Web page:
Gut Microbial Metabolism Drives Transformation of Msh2-Deficient Colon Epithelial Cells
Cell Volume 158, Issue 2, p288–299, 17 July 2014 Antoaneta Belcheva
•Gut microbiota induce colon cancer in genetically sensitized MSH2-deficient mice
•Reduced dietary carbohydrates decreased polyp frequency in APCMin/+MSH2−/− mice
•The carbohydrate metabolite butyrate induces colon cancer in APCMin/+MSH2−/− mice
•MSH2 regulates β-catenin activity and/or transit-amplifying cell differentiation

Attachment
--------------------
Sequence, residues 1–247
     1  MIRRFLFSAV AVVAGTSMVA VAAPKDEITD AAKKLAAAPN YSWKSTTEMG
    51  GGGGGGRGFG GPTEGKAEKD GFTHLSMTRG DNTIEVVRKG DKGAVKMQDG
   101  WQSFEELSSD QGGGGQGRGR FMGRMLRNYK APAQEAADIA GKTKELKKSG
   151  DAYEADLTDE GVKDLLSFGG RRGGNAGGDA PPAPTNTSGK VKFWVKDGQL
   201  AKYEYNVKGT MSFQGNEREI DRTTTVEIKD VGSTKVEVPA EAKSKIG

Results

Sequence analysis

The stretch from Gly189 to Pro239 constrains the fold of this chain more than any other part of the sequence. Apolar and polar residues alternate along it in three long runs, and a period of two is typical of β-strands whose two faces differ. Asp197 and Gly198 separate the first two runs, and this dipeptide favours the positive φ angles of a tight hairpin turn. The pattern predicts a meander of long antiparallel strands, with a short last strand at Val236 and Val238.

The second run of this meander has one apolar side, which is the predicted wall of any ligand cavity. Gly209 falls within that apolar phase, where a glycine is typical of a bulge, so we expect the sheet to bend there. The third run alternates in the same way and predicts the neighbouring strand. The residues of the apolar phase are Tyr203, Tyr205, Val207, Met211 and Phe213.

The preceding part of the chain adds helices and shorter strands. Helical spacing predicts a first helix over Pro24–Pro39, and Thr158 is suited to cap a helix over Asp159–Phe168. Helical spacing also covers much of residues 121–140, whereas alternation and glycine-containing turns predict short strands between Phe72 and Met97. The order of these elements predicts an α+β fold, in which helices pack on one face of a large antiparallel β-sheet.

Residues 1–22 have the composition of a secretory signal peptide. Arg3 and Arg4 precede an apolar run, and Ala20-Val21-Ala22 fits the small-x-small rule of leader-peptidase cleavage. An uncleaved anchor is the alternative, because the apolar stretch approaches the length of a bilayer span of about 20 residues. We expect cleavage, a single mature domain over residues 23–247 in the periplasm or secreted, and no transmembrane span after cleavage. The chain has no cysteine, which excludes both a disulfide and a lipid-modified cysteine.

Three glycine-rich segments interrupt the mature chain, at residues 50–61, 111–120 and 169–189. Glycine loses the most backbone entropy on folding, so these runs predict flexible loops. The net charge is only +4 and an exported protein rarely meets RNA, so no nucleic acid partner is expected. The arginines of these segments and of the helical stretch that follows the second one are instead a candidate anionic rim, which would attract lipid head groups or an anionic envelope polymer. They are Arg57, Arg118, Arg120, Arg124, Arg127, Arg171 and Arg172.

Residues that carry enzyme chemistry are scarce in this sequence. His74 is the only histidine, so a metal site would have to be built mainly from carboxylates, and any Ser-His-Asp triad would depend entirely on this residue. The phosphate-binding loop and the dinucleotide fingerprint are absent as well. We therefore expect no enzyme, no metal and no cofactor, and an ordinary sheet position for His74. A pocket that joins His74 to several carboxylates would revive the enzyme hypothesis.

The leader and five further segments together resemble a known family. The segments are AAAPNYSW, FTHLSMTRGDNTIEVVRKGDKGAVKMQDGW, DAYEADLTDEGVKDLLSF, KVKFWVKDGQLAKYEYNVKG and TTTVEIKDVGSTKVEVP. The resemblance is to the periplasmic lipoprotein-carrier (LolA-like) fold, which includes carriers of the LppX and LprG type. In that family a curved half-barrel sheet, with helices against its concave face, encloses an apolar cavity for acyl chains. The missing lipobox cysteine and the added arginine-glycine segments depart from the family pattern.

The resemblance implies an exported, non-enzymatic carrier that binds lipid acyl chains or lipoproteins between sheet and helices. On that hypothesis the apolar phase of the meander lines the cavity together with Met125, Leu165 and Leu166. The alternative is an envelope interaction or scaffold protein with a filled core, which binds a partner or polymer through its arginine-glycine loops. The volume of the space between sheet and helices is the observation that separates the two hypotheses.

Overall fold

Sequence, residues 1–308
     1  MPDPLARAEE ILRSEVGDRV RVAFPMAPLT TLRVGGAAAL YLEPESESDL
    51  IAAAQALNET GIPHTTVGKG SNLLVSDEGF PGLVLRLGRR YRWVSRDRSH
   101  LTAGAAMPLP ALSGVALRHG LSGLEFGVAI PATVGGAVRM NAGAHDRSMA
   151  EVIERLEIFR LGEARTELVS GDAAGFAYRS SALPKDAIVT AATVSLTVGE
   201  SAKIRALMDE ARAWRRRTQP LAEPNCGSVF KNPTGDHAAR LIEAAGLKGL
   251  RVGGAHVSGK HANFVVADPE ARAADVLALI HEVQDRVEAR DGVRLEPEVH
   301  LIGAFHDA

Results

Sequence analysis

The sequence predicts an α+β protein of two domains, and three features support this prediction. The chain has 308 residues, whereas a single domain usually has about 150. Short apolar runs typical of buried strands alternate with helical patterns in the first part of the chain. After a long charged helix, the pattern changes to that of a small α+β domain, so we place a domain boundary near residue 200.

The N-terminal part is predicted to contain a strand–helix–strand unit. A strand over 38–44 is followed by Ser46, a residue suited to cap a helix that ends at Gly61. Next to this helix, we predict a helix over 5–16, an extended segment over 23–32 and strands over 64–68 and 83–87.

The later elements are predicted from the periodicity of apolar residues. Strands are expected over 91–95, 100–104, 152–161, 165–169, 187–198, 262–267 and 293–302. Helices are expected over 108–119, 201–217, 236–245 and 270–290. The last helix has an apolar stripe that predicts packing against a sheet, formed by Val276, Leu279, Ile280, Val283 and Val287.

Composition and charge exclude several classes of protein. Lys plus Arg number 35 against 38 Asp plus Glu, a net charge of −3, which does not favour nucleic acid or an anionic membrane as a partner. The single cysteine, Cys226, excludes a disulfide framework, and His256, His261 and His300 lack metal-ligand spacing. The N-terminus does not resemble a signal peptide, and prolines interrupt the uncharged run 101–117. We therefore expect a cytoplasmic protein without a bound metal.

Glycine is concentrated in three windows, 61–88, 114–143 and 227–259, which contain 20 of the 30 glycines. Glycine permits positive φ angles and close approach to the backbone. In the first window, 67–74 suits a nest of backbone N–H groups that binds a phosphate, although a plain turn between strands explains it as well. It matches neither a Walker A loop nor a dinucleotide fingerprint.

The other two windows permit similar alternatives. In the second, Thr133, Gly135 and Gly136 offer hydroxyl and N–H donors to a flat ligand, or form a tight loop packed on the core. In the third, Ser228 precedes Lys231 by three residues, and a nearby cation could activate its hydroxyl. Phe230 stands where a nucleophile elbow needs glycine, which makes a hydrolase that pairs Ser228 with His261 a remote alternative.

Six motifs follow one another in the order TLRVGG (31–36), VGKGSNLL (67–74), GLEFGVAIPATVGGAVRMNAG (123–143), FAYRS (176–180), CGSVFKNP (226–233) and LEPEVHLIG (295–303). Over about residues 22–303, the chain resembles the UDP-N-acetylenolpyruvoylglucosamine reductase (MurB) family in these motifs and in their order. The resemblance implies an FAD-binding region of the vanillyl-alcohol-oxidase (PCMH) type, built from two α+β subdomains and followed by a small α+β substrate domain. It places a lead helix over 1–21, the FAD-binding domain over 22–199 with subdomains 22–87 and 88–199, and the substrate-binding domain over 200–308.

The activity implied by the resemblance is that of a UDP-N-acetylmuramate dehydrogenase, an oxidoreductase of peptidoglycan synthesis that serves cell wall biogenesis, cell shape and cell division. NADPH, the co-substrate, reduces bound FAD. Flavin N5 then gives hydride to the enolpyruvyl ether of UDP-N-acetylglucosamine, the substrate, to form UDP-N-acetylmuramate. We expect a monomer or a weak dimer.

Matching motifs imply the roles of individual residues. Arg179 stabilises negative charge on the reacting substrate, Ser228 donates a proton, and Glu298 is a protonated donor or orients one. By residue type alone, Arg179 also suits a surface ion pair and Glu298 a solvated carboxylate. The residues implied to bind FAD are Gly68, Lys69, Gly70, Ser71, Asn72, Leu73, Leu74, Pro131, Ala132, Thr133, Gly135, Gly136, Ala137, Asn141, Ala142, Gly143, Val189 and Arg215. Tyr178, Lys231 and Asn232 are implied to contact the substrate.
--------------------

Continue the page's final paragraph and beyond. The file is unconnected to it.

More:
The etiology of colorectal cancer (CRC) has been linked to deficiencies in mismatch repair and adenomatous polyposis coli (APC) proteins, diet, inflammatory processes, and gut microbiota. However, the mechanism through which the microbiota synergizes with these etiologic factors to promote CRC is not clear. We report that altering the microbiota composition reduces CRC in APCMin/+MSH2−/− mice, and that a diet reduced in carbohydrates phenocopies this effect. Gut microbes did not induce CRC in these mice through an inflammatory response or the production of DNA mutagens but rather by providing carbohydrate-derived metabolites such as butyrate that fuel hyperproliferation of MSH2−/− colon epithelial cells. Further, we provide evidence that the mismatch repair pathway has a role in regulating β-catenin activity and modulating the differentiation of transit-amplifying cells in the colon. These data thereby provide an explanation for the interaction between microbiota, diet, and mismatch repair deficiency in CRC induction.
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